Quality Requirements of Pumped Concrete
Many factors like length, number of bends in the line, type of pipe, size of a line, height to which the concrete is being pumped, and the concrete mixture influence the working capacity of a concrete pump.
1) Pump Lines
Pipelines used in concrete pumps are generally a combination of rigid pipe and heavy-duty flexible pipe. The acceptable rigid pipe can be made of steel or plastic and is available in sizes from 3 to 8 inches in diameter.
The aluminum alloy pipe should not be used as a pump line. The flexible hose is made of rubber, spiral wound flexible metal, and plastics. If possible, the pipeline should be of one size and laid out to contain a minimum number of bends.
2) Mixture Proportions
Proportions of concrete ingredients of pumpable mixtures are essentially the same as those to be placed by other methods. Concretes which are pumped must be cohesive.
Harsh mixtures do not pump well. The pressure exerted by the pump can force the mortar away from the coarse aggregate causing a blockage in the line if the mixture is not proportioned properly.
The content of cement will generally be slightly higher for pumped mixes than those of mixtures placed by conventional methods.
3) Coarse Aggregate
The nominal maximum size of the coarse aggregate is restricted to one-third of the inside diameter of the pump for crushed aggregates or 40 percent of the smallest inside diameter of the pump for well-rounded aggregates.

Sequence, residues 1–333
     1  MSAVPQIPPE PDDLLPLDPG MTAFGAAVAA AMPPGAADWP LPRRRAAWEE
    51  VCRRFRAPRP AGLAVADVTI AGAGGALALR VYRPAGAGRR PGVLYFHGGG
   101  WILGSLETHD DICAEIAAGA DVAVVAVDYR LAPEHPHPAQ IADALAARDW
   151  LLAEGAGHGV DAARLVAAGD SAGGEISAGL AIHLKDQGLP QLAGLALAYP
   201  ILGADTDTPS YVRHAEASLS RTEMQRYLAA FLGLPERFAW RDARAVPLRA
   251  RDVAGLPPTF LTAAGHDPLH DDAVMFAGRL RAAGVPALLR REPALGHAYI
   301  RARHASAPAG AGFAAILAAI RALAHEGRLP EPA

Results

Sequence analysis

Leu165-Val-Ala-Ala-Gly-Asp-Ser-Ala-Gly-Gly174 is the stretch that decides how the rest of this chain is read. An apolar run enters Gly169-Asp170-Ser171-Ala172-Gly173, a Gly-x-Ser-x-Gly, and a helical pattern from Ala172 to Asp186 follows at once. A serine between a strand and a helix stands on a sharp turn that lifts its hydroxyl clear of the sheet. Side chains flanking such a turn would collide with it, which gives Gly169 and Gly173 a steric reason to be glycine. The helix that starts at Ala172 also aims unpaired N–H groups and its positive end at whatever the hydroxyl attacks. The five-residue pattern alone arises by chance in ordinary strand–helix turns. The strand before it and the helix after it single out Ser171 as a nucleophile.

Oversize particles should be eliminated. Excessive mortar content will be necessary to effectively pump a concrete containing crushed aggregates than for concrete containing rounded aggregates.
4) Fine Aggregate
The properties of fine aggregates as an ingredient in concrete are more critical in proportioning pumpable mixtures than are the properties of the coarse aggregates.
Combined with the cement and water, the fine aggregates compose the mortar which transfers the coarse aggregates in suspension through the pump line.
Both types of aggregate manufactured fine aggregates and natural sands can be used in pumped mixtures.
The necessity of water for optimum slump and to maintain control of that slump throughout a pumping placement are both extremely important factors.
Concretes having slumps less than 2 inches when delivered to the pump are difficult to pump. Concretes having slumps over 6 inches can segregate causing a blockage in the pump line and may require a pumping aid to increase the cohesiveness of the concrete mix.
Materials which enhance workability, such as water-reducing agent, high-range water-reducer, and air-entraining admixtures, as well as pozzolanas, usually improve pumpability.
It is usual to experience a decrease in air content during pumping. The specified air contents essential for the durability of concrete should be obtained at the point of placement on the site.
Therefore, it may be necessary to entrain a higher air content into the concrete mixture before pumping.
Proper arrangement of the whole pumping operation including pump location, line layout, placing sequence, and concrete supply will result in savings of time and expense.
The pump should be feasible as near the placement area as possible. Concrete conveying systems should have easy approaches to the pump.
Pipelines from the pump to the placement area should be made up of rigid pipe and contain a minimum number of bends.